The resistance to the Tories offensive being led by the unions and the increasing orientation of Labour’s left wing members to this strike wave is encouraging a radicalisation within Labour.
The left suffered a set back in the NEC elections. Momentum divided the left and attacked one of its most popular candidates, instead of joining a campaign to unite the left against the right.
The Tory leadership candidates are agreed on all essentials of policy. They are both believers in a small state, which means they are intent on further cuts to public services, outsourcing and privatisation. They also agree on a commitment to outlaw strikes. There is only a furious debate on the tactical issue of when to implement tax cuts.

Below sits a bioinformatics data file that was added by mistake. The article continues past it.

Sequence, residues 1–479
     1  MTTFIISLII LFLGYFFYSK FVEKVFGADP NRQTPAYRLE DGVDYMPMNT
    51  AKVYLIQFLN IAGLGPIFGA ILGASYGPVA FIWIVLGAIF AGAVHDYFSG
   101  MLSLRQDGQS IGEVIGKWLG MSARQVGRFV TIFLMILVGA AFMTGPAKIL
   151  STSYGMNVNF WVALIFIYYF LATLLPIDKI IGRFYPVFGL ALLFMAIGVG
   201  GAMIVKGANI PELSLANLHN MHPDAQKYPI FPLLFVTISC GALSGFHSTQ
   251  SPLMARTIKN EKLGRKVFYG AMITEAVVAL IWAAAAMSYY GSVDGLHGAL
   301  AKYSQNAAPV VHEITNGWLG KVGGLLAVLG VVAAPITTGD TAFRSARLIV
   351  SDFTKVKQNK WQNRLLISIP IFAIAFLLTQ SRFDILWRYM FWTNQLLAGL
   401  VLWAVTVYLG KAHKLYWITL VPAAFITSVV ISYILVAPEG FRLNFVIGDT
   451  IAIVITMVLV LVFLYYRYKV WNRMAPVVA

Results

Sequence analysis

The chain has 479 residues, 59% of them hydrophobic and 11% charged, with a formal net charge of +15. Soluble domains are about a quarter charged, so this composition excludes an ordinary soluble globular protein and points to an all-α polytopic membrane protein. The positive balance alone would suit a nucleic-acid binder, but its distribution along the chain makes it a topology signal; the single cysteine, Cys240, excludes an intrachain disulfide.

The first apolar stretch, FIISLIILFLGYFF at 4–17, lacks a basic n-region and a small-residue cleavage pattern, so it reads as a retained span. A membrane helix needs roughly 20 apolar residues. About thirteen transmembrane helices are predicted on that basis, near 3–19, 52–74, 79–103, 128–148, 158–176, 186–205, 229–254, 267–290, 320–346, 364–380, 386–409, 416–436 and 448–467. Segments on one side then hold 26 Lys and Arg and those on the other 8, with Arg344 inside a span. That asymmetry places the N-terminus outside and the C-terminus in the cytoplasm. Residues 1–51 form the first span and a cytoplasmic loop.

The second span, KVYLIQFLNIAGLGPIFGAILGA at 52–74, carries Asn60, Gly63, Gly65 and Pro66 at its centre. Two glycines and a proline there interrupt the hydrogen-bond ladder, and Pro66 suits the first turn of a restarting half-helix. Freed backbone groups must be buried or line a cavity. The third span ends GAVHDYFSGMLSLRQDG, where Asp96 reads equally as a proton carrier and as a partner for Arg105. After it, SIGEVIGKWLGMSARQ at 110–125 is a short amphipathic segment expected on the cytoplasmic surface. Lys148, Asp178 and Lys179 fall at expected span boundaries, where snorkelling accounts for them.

The largest scale political and organisational attack on the Labour Party’s left wing since the Second World War is currently unfolding within the party. But despite the defeats that have been suffered the Labour left remains the largest political force engaged in resistance to the Tories’ attacks.
Labour Leader Keir Starmer has recently staked out a distinct position from the Tory government on climate change, that falls well short of what is needed. Labour proposes that £30 billion is put into a “green recovery” – well below the £85 billion investment proposed by the TUC. There needs to be an unremitting campaign to pressure the government, but Starmer is reluctant to challenge it.
Labour’s Women’s conference held at the end of June demonstrated that despite the Leadership’s best efforts, from suspensions and demoralisation from Labour’s leadership, the left is very much alive and kicking. All six left CLP candidates for the new Women’s Committee were elected – an outstanding victory.